(05/21/12) Andrew Feinberg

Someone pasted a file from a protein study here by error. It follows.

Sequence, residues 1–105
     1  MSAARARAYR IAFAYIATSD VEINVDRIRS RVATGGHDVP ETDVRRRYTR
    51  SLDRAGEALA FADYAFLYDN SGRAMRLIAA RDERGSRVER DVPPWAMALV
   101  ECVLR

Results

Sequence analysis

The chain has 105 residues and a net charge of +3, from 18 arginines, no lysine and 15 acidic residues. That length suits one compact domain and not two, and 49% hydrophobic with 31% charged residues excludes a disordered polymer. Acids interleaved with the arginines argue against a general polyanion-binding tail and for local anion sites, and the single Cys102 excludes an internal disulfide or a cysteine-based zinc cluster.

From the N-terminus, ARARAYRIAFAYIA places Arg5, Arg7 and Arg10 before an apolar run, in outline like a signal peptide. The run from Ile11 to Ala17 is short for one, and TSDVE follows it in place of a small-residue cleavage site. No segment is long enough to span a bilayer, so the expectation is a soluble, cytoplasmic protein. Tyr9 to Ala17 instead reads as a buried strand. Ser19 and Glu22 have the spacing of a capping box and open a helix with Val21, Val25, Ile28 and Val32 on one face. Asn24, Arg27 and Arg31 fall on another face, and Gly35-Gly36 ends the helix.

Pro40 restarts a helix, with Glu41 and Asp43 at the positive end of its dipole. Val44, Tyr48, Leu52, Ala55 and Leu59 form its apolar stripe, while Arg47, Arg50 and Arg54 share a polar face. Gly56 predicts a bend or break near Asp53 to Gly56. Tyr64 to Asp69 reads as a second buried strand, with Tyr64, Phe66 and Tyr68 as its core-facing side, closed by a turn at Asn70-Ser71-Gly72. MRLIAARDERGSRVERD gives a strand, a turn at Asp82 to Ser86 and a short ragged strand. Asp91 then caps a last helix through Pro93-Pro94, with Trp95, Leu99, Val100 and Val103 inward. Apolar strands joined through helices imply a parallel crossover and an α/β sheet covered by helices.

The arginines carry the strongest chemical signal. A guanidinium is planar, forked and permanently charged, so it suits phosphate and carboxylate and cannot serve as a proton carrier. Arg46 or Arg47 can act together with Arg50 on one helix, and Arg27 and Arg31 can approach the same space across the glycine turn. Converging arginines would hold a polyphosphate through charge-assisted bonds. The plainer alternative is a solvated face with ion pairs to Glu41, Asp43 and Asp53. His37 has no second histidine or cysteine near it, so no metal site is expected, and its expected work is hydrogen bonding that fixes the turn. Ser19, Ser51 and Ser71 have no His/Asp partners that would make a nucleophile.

Governments around the world are trying to use intellectual property and cybersecurity issues to control the Internet, says Google vice president and chief Internet evangelist Vint Cerf. "Political structures ... are often scared by the possibility that the general public might figure out that they don't want them in power," Cerf says. He speculates that the International Telecommunications Union will likely become the global Internet cop, and expects the group to try to lock in mandatory intellectual property protections as a backdoor for easy Web surveillance. The public should view even good-faith efforts at Internet policymaking skeptically because balancing freedom and security "isn't something that government alone is going to figure out," Cerf says. He is concerned about the U.S. Cybersecurity and Intelligence Protection Act passed by the House, because it does not offer enough limits on how information about cyberthreats would be used. Still, Cerf expresses optimism that resourceful engineers will find a way around hostile government attempts to restrict access.